Why did you not put your shower in your grey water system?  Too far from your grey water pipes?  The shower is usually the first water to put into a grey water system since it involves so much of the house`s water and is relatively clean for landscaping.

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51 minutes ago, bdmowers said:

Mine is quite simple- once the 2" drain pipes from the washing machine, kitchen sink, and bathroom sinks and showers extend to the outside

She did, "bathroom sinks and showers" as you quoted.  And this is an excellent idea though I think I would not include the runoff from the kitchen sink.  I've seen setups where all drain to an in ground cistern with a small low power aeration (think like fish tank) system to keep it fresh and separate pump you turn on for watering. 

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6 hours ago, Mainecoons said:

She did, "bathroom sinks and showers" as you quoted.  And this is an excellent idea though I think I would not include the runoff from the kitchen sink.  I've seen setups where all drain to an in ground cistern with a small low power aeration (think like fish tank) system to keep it fresh and separate pump you turn on for watering. 

Though Mudgirl said sinks and showers were on the grey water system, she also said "Only my two toilets and one shower are connected to my septic" so maybe there`s a typo in there somewhere.  With grey water systems the big captures are showers and clothes washer, as you say the sinks are not really worth it, not enough water to capture to make the plumbing worthwhile.  Depending on how much showering goes on in the household, just conducting the showers and washer water directly to landscaping usually works fine.  Would be nice though to have a cistern for water capture, maybe combined with some easy rain water capture.

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7 hours ago, bdmowers said:

Why did you not put your shower in your grey water system?  Too far from your grey water pipes?  The shower is usually the first water to put into a grey water system since it involves so much of the house`s water and is relatively clean for landscaping.

You did read that right- what happened is that originally all the bathroom sinks and showers went to the septic. But the pipes got plugged about 2 years in, because the plumber had put in a tee connector where he should have used 2 45s, so at that point I rerouted the upstairs shower and sink and downstairs bathroom sink out to a garden area, which was a simply alteration, leaving the downstairs shower on the original system, as it would have meant digging up floors to change. My washing machine drain pipe goes to a different area of the garden, as does the kitchen sink. So i actually have 3 separate drainpipes leading from their source to different areas of the gardens.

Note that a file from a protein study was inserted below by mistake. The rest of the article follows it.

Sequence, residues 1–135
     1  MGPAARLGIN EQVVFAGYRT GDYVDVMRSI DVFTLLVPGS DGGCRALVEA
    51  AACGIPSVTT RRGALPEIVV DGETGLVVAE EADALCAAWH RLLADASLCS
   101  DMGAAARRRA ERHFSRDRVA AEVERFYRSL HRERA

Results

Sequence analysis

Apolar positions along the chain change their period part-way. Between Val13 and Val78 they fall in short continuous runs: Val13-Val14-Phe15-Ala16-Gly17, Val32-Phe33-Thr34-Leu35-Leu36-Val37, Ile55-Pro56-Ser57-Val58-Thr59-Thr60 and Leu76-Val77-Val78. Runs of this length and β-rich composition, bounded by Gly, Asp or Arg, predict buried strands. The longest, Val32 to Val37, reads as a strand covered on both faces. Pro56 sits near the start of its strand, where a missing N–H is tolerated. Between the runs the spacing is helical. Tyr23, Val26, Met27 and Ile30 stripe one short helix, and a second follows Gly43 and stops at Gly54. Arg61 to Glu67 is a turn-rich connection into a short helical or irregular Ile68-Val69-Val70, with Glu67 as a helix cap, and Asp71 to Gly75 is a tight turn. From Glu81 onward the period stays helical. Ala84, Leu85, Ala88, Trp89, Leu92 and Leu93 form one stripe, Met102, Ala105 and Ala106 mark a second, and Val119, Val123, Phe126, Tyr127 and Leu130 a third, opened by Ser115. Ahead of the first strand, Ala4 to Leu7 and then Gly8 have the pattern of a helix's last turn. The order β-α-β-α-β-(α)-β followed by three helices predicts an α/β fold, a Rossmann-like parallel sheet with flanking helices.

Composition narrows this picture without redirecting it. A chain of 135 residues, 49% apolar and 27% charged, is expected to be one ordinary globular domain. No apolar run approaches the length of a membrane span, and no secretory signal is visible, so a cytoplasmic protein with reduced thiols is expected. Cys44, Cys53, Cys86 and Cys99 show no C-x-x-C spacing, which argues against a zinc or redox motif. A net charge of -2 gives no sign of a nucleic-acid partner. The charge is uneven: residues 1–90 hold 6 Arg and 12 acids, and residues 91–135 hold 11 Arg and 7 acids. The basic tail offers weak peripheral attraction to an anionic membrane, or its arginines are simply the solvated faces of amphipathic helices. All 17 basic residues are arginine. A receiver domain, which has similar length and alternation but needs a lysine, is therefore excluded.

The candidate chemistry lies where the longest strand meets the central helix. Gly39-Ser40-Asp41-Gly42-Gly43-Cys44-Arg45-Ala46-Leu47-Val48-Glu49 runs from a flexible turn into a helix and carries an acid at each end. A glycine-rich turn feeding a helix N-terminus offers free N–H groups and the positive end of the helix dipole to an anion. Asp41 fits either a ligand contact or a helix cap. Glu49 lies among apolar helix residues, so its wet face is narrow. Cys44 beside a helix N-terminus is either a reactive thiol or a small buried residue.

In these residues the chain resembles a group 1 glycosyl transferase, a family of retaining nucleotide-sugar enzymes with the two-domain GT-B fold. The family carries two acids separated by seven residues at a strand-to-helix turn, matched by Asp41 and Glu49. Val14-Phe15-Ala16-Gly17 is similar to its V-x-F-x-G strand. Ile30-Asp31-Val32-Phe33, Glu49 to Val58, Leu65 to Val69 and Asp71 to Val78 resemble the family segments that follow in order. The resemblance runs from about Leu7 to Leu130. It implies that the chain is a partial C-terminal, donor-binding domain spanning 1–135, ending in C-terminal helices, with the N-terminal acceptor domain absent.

I actually wanted grey water pipes during the original construction, but the plumber said it was problematic, which I now know it wouldn't have been.

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On 5/6/2018 at 12:14 PM, bdmowers said:

Why did you not put your shower in your grey water system?  Too far from your grey water pipes?  The shower is usually the first water to put into a grey water system since it involves so much of the house`s water and is relatively clean for landscaping.

Gracias,  I put in our plans a requirement for a dark water septic tank and a grey water.  Thanks for your suggestion . I see no reason why we can't simply pipe the grey water to our garden.  We are in discussion with two contractors now so I will incorporate your suggestion in our plans.  Jim & Lilia

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7 hours ago, rafterbr said:

Gracias,  I put in our plans a requirement for a dark water septic tank and a grey water.  Thanks for your suggestion . I see no reason why we can't simply pipe the grey water to our garden.  We are in discussion with two contractors now so I will incorporate your suggestion in our plans.  Jim & Lilia

I lived in the LA Ecovillage for many years and many people there piped their grey  water directly into the garden areas and we all survived!  You will want to use biodegradable soaps in the shower though. There was a project in Malibu that piped both black and grey water into the landscaping.  The fruit trees with black water applied grew twice as fast as those without.  Glad to see you are using outside-the-box thinking.

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13 minutes ago, bdmowers said:

I lived in the LA Ecovillage for many years and many people there piped their grey  water directly into the garden areas and we all survived!  You will want to use biodegradable soaps in the shower though. There was a project in Malibu that piped both black and grey water into the landscaping.  The fruit trees with black water applied grew twice as fast as those without.  Glad to see you are using outside-the-box thinking.

What did they do with water with cleaning products (ex Ajax) in? Say from mopping a floor.